Article | 2020-02-21 10:59:37
How Caries Can Occur?
Caries is a major problem in most countries. About 60 - 90% of caries occurs in school children and some in adolescents and adults. Caries is damage to the hard tissue structure of the teeth caused by the presence of bacterial activity in the oral cavity that produces acid. Caries is a process of progressive loss of dental minerals which then causes holes in the teeth.
The mildest caries is only a black dot on the surface of the tooth, which can extend to the enamel, dentin and pulp layers. Initially caries does not cause symptoms. When caries has penetrated the dentin, it will start to feel pain when in contact with cold, sweet foods and drinks. However, this pain will soon disappear after no contact. Caries that have extended to the pulp, it will cause continuous throbbing and spontaneous pain.
The content of energy drinks
Energy drinks have proven to be the cause of dental caries. These drinks are mostly carbonated drinks that contain a lot of artificial sweeteners and tend to be acidic.
Several studies have shown that isotonic drinks and soda have a strong and sour taste. Isotonic drinks contain several types of high acids, namely phosphoric acid, citric acid, maleic acid and tartaric acid. Isotonic drinks also contain high sucrose, 6-8%
While soft drinks also contain carbohydrates with a proportion of high-calorie sweeteners, sucrose 7.8 - 10.3%. Soft drinks also contain phosphoric acid and citric acid.
The content of these drinks will easily settle in the oral cavity which is then attached to the surface of the teeth and form plaque. Supported by an acidic atmosphere, making it easier for the release of minerals in the teeth.
We recommend that after consuming energy drinks, brush your teeth immediately. The action aims to eliminate the remaining drinks that settle on the surface of the teeth, so as to prevent the process of tooth mineral release.
But maybe we all do not have much time to brush teeth immediately, but there is another alternative, which is to rinse your mouth with plain water. Also supported by consuming lots of mineral water coupled with gargling movements. Thus, the remaining drinks attached to the surface of the teeth can be lifted and rinsed.
Another way is to chew sugar-free gum. The movement of chewing gum can stimulate the production of more saliva, making it easier to clean teeth naturally. It also can increase the pH of the oral cavity to become alkaline, so it is not conducive to bacterial growth.
If possible, from now on, limit consumption of energy drinks. If you must consume the drink, use a straw to minimize contact between the liquid and the tooth surface.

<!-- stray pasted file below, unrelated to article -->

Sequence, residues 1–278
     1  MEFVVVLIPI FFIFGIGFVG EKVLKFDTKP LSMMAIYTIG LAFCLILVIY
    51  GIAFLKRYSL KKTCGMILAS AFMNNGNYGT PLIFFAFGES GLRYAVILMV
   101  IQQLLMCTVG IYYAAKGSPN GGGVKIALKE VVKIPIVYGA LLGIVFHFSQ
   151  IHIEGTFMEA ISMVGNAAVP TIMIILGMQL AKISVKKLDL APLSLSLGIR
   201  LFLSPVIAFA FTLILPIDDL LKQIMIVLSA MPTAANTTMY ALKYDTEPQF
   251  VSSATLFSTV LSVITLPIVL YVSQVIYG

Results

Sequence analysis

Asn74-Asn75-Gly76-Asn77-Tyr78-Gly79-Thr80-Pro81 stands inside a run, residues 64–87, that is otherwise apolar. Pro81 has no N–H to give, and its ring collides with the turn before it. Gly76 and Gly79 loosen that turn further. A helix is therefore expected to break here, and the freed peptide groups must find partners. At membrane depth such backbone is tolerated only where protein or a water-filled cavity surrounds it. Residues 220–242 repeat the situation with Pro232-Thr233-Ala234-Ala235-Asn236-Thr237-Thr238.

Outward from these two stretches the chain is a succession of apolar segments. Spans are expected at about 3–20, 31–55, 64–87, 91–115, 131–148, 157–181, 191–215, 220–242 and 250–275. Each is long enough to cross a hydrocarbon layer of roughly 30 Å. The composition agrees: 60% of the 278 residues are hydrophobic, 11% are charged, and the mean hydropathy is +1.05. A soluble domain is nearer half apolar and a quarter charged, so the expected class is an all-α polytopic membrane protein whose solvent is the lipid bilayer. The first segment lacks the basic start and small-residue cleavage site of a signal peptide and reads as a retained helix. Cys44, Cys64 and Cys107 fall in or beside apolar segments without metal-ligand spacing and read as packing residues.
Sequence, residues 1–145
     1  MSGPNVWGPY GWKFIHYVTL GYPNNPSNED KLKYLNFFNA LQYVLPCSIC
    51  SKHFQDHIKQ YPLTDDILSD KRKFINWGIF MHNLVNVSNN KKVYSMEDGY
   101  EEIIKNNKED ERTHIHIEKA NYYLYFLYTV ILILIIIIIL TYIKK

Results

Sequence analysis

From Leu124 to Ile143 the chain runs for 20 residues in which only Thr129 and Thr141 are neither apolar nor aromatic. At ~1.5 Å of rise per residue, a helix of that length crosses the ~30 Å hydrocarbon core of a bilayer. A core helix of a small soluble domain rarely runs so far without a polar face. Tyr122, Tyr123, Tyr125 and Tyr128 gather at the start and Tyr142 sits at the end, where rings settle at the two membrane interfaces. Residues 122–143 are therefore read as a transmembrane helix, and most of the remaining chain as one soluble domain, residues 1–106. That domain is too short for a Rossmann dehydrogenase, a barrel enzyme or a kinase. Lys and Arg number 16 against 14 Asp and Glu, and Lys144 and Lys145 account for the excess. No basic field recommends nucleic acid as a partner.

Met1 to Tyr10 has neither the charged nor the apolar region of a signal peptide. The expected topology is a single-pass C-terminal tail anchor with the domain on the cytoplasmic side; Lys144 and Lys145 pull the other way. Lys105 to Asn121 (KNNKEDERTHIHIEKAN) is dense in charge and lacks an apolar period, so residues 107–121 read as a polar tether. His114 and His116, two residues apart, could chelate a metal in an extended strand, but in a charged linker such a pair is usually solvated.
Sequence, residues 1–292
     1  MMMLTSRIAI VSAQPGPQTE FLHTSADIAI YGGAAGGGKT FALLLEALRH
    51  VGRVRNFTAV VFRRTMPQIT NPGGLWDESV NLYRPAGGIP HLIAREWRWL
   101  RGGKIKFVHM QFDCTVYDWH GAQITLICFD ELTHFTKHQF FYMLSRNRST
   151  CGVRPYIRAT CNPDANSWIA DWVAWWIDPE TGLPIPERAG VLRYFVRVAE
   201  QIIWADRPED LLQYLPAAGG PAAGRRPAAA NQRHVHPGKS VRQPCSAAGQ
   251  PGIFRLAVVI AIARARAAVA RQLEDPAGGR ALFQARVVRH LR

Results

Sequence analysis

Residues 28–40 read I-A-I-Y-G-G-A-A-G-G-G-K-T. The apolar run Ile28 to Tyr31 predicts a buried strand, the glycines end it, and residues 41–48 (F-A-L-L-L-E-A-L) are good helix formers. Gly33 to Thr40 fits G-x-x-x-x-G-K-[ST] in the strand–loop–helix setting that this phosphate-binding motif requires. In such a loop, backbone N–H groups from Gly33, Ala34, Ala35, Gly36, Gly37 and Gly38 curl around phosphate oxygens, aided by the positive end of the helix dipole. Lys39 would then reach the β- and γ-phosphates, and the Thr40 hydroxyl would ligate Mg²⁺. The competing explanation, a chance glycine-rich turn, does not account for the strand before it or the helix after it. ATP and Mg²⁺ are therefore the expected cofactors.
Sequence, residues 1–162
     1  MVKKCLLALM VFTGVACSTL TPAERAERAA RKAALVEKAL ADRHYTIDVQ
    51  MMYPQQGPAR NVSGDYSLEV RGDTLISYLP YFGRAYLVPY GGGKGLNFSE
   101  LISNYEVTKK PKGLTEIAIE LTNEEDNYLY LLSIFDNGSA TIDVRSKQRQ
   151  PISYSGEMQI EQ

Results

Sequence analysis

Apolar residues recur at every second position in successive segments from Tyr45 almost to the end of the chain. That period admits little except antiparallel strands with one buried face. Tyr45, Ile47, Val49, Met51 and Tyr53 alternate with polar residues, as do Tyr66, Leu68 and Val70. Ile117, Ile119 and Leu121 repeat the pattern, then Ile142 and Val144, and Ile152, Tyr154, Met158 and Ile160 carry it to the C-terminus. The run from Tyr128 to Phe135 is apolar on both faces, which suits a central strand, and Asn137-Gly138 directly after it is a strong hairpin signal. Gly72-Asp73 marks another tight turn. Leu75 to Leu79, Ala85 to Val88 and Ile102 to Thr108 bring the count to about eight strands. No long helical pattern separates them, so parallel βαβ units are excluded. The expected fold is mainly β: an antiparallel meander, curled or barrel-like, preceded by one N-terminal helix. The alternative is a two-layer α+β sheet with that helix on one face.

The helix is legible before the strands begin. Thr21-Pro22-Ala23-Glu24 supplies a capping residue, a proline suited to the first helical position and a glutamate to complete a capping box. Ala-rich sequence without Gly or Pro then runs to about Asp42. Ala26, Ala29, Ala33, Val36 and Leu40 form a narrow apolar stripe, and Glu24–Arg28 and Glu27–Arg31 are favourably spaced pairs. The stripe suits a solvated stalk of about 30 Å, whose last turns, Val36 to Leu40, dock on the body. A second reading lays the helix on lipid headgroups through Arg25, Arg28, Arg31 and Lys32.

Dental and oral health have a very important role in supporting the productivity of all people. The community must get used to prevention efforts before the disease. The simplest thing that can be done as a preventative step is to brush your teeth regularly, twice a day, that is, the morning after breakfast and at night before going to bed. Brush your teeth in the right way, the right frequency and the right time.
Also pay attention to your daily food and beverage consumption habits and make it a habit to carry out routine checks to the dentist every 6 months.
Fejerskov O, Kidd EAM. Clinical Cariology and Operative Dentistry in the Twenty-First Century. In: Fejerskov O, Kidd E, editors. Dental Caries; The Disease and Its Clinical Management. Denmark, Copenhagen: Blackwell Publishing Ltd, 2003: 179–188.
McLtire JM. Dental Caries – The Major Cause of Tooth Damages. Pada Hume WR, Mount J. Preservation and Restoration of Tooth Structure. 2end ed. Queensland: Knowledge Books & Software, 2005: 21-33
Selwitz RH, et.al. Dental Caries. Lancet, 2007; 369:51-59
Coombes & Jeff S. 2005. Sport Drink and Dental Erosion. American Journal of Dentistry, 18(2):101-104.
Borjian A, dkk. 2010. Pop cola acids and tooth erosion: an in vitro, in vivo, electron microscopic and clinical report.
Burt BA, Pai S. Sugar Consumption and Caries Risk: A Systemic Review. Journal of Dental Education, 2001; 65(10).
Fathilaah Abdul Rajak, dkk. 2014. Erosive effect of Sport Drinks on Tooth Enamel.
Anusavice J.K. Present and Future Approaches for The Control of Caries. Journal of Dental Education, 2005; 69(5): 538-554.
Tince AJ. Pengaruh Kebiasaan Menyikat Gigi terhadap Status Pengalaman Karies. FKM UI, 2010: Tesis (67-68).